3. Have a Play date with yourself. Do something creative once a week to feed your creative soul. e.g. you can fly a kite, walk in a Botanic Gardens, visit the museum, go to the library. Many local community gardens have free guided tours by volunteers.

Playing is necessary because you need to refill your well.  As an artist, [I would add, as a knowledge worker], Cameron says, we are drawing from our inner well. Unless you fill this well, its empty, there’s nothing left to create. More often than not, we feel guilty playing because of a work ethic.

In the name of playing, I’ve leaned Chinese calligraphy, learn to bake macaroons, mooncakes, bread, cakes. Whereas my analytical self would have said, that it was a waste of time, since the cost of the lesson would buy me more macaroons that I could ever eat. [Plus I don’t like to eat macaroons.]

What do you love to do? When was the last time you did it?

1. I love to dance and flag my banners

2. Read

3. Play with my nephews and nieces [not babysitting]

4. Nap

5. Walk on the treadmill in an air-conditioned room and watch TV

6. Take a long leisurely walk after dinner

7. Go to the library

8. Drink tea

9. Visit different restaurants (maybe once every few months)

10. Watch a play




Photo credit: CSX (Thank you!!)

Today I taught a class on Performance Management at the university. The ever-dreaded quarterly, half yearly, annual performance dialogue with your boss. For most of us, it ends up as a negative emotional process.

But the purpose of performance measurement is itself motivational, done the correct way. You get a pat on the back on the areas you’ve performed well, and advice on areas needing improvement.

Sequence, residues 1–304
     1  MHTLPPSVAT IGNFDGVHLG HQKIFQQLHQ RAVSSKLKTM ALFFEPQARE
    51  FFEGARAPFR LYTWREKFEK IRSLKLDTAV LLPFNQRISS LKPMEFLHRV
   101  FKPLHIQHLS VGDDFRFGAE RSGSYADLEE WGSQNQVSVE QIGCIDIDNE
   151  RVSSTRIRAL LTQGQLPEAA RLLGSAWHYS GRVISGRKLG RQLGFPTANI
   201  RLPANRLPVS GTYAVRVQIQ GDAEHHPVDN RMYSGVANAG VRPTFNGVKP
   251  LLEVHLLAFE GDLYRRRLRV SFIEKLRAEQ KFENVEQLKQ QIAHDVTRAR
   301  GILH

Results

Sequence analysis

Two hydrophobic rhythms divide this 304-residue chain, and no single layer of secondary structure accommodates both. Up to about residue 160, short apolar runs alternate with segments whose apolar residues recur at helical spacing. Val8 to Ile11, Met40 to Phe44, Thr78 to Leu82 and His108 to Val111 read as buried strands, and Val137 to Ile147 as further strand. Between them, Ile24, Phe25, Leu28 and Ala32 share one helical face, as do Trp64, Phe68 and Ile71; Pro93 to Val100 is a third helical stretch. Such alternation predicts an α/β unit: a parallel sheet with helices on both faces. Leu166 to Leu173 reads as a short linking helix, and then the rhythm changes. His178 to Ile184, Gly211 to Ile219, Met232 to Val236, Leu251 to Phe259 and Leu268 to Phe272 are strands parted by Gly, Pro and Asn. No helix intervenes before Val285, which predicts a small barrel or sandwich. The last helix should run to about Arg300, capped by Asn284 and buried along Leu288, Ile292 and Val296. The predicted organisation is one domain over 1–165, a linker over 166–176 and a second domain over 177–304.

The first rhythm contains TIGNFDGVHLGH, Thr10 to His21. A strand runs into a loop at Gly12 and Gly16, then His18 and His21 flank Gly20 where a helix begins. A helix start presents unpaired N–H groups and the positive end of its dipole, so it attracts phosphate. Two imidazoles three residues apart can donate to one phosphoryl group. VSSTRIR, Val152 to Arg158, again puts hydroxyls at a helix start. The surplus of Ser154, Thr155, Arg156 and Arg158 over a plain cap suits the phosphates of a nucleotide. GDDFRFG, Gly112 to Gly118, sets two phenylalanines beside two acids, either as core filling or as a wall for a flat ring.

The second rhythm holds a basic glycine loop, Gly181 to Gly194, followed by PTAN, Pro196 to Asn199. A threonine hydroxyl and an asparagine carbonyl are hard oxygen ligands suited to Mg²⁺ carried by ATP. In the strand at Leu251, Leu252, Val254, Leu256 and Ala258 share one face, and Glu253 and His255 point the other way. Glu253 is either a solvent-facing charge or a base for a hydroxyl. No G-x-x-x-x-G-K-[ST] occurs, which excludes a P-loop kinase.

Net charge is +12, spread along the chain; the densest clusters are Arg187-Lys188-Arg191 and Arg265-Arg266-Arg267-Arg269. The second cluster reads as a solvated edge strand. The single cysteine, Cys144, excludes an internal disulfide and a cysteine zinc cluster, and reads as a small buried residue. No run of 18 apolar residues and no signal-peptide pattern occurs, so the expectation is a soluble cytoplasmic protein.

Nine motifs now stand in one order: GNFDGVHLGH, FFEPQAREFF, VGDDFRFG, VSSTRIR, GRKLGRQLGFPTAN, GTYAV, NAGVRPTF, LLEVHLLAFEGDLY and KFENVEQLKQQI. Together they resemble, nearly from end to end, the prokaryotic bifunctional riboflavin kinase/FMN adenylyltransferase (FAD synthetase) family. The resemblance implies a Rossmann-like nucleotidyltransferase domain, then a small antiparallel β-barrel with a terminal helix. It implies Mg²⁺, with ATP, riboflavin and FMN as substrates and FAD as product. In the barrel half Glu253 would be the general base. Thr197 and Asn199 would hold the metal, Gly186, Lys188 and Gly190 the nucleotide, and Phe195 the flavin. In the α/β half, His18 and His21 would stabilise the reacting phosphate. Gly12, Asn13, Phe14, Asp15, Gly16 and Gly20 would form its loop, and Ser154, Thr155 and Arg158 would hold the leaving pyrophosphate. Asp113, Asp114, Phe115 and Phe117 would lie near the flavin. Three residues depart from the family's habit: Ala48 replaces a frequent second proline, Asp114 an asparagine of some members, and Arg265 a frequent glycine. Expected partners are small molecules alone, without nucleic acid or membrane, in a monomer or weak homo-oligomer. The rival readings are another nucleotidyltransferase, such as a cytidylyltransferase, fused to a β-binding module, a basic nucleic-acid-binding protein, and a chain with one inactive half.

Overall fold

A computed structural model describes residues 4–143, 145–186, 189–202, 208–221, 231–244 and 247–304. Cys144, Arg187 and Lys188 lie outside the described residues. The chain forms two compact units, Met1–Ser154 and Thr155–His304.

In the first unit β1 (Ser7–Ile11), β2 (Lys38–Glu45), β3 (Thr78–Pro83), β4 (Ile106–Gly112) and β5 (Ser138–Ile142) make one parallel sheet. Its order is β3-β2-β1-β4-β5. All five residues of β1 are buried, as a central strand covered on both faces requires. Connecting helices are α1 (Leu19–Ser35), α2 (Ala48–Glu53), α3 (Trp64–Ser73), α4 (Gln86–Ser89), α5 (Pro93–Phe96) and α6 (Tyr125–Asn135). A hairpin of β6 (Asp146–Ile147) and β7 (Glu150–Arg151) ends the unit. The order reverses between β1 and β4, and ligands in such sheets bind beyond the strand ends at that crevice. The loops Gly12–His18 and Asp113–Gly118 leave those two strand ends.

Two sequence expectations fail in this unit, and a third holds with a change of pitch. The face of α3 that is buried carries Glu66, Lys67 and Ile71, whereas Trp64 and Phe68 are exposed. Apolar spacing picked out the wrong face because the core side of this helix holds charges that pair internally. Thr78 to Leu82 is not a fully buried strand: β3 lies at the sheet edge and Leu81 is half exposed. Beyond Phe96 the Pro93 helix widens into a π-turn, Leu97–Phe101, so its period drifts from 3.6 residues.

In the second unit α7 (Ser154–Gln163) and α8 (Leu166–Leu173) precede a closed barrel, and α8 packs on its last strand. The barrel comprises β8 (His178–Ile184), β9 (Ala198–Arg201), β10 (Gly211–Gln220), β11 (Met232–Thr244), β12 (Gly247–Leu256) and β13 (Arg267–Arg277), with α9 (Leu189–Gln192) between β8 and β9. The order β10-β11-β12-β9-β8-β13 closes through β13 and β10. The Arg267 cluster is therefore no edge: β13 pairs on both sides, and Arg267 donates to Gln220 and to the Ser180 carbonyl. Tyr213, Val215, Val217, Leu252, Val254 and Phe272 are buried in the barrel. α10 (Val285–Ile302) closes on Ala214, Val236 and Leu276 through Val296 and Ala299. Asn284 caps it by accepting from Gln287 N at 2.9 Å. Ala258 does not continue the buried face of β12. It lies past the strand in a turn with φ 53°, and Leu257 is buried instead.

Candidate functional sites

Clayton Christensen suggests in his book “How will you measure your life?” that instead of just measuring performance of companies and your life and work, the business frameworks can be applied to your life. Society can be more prosperous if there’re clear rules and there’s a process to hold people accountable. Once you commit to follow the rules, Christensen opines that life becomes simpler rather than make everyday decision on nuances and debating whether to follow the rules. What about asking if you can you leave something that will help other people? How do conduct our lives every day?

Today I asked my two classes of 19-23 yr old university students, how they defined career success. Those who were volunteered, said that in addition to financial security, they want a job where they are happy in.  Most agreed with that statement.  But what makes them happy in those jobs? Its as if happiness or motivation was something someone gave to them, or a place they wandered into and not something they pursued or have a part to play. So what is happiness? Is it a skill they get to develop, recognition for an ability or learn new stuff, live in new places, try out new experiences? What is it? Possibly, in this generation, where fulfilment can be obtained in so many other areas, e.g. many have travelled to distant places before graduation. Unlike in the past, where the only way to see the world is to travel for your job.

Kaplan and Norton’s Balanced Scorecard: financial, customer, internal processes, learning, innovation and growth on yourself linked to goals is a useful one.

So, how will you measure your life? What is career success for you? What makes you happy?

Clayton Christensen will be in Singapore to deliver a lecture on disruptive innovation. Catch him on 11 Sep 2014. Lecture is organised by the Singapore Institute of Management.

Excellent article on “Singapore and innovation and what’s lacking” by Scott Anthony, who will join him at the lecture.